Saturday, January 11, 2014

Ariel Sharon is Dead. So What?

On January 12, former Israeli Prime Minister Ariel Sharon finally ended his coma of six years and died.

CBC online has made this the major news story of the day, as if this man somehow had significance for Canada and the world. In fact even when he was alive, he was an extremely negative presence on the global scene, and certainly had no special significance for Canada. Why this dramatic coverage as if a major world leader has been lost to the world? Is it some bias or special love of Israel that explains this? If so, where does this come from?

Israel ranks No. 96 in the world by population size. The population of Israel is only 0.11 percent of the world population. And even 20 percent of this population are Palestinians who are second-class citizens in Israel. Israel is about the same size as Papua New Guinea or Tajikistan. 

Zionists often complain that the Boycott, Divestment and Sanctions (BDS) Campaign unfairly focuses on Israel, while ignoring human rights abuses elsewhere. They say this is an unfair double standard. But the fact is that tiny, little, belligerent Israel is covered positively in the news to a degree which is way out of proportion to its real merits. There really is a double standard here, and most of the time it is in Israel`s favour.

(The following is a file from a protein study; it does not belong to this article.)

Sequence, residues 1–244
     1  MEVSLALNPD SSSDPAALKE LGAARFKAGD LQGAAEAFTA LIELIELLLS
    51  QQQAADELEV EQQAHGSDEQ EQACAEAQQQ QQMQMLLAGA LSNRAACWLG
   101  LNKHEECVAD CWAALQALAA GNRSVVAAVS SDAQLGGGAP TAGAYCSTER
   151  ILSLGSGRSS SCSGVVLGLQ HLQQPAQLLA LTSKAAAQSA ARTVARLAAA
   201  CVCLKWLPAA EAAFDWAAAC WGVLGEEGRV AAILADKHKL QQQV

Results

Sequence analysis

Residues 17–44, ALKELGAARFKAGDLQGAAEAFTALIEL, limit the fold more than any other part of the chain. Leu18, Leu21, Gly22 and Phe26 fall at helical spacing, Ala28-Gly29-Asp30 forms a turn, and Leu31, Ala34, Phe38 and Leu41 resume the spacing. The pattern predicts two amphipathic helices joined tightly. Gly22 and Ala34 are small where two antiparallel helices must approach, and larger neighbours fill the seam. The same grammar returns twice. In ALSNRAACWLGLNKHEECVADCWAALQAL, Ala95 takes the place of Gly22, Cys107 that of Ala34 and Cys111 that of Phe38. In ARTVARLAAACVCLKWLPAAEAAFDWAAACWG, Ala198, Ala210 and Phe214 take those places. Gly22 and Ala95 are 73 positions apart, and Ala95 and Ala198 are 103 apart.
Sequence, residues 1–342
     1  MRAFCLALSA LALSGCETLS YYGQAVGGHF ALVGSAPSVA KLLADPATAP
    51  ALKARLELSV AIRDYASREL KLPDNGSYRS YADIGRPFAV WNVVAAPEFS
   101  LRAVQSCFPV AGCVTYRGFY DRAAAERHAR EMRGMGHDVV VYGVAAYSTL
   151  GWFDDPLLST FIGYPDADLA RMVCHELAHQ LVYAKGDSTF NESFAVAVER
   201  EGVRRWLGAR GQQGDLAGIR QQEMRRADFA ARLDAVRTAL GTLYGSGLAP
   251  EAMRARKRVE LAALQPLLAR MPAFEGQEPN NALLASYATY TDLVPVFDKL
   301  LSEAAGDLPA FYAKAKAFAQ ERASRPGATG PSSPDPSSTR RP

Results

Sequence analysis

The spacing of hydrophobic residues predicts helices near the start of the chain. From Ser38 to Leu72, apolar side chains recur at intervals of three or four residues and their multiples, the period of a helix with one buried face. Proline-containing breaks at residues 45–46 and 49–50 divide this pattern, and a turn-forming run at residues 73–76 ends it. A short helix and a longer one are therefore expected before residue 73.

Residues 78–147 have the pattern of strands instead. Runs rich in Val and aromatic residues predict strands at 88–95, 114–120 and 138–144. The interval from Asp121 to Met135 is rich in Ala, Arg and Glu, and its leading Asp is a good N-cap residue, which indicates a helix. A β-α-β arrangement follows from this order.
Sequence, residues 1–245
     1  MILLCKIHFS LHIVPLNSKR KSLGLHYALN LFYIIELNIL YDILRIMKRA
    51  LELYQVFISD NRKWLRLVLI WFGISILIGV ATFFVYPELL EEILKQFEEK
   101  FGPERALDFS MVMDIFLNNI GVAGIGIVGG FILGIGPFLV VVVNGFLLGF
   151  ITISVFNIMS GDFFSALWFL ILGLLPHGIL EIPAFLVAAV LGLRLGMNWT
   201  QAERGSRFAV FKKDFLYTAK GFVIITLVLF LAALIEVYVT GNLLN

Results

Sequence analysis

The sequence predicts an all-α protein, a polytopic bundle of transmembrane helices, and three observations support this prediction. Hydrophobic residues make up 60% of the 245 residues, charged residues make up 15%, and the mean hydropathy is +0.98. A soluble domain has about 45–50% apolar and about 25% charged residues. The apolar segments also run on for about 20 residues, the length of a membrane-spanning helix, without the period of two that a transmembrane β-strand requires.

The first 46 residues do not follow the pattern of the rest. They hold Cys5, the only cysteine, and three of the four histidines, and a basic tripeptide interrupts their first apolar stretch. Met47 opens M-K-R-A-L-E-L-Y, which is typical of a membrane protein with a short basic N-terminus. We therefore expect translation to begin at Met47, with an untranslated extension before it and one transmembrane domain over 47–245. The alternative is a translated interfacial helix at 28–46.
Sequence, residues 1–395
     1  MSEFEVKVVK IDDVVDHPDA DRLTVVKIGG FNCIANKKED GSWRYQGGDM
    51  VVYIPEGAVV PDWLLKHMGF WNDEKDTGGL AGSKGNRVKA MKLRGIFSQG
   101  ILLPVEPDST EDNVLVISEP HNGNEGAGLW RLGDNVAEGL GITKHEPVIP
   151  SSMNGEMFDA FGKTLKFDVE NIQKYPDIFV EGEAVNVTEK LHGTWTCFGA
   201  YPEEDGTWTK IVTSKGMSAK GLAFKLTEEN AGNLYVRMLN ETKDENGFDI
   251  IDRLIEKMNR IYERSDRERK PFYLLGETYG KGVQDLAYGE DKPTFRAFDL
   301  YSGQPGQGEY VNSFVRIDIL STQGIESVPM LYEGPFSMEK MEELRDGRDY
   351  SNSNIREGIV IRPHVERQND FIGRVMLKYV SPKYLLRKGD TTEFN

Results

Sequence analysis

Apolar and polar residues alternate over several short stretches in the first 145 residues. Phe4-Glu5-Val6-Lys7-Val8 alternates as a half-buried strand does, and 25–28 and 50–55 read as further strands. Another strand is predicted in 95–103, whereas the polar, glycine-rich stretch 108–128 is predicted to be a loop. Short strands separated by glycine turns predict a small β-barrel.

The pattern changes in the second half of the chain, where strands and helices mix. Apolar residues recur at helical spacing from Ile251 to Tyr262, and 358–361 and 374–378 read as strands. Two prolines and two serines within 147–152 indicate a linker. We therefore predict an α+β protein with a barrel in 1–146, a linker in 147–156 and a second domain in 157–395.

What other leader of a puny country like Israel, who had a very controversial history that probably included massive human rights abuses, racist ultra-nationalism, and military recklessness, would receive so much glowing coverage on his passing?

CBC - on January 12, 2014, there was violent suppression of citizen demonstrations in the Ukraine, and Bangkok is being devastated by anti-democracy riots. There are probably a thousand news stories of far, far greater significance than the death of this insignificant man from an insignificant little country. 

To what extent does an unbridled love of Israel influence your notions of what is significant to Canadians? Perhaps you should try to put your unreasonable bias aside, and put real Canadian interests first.

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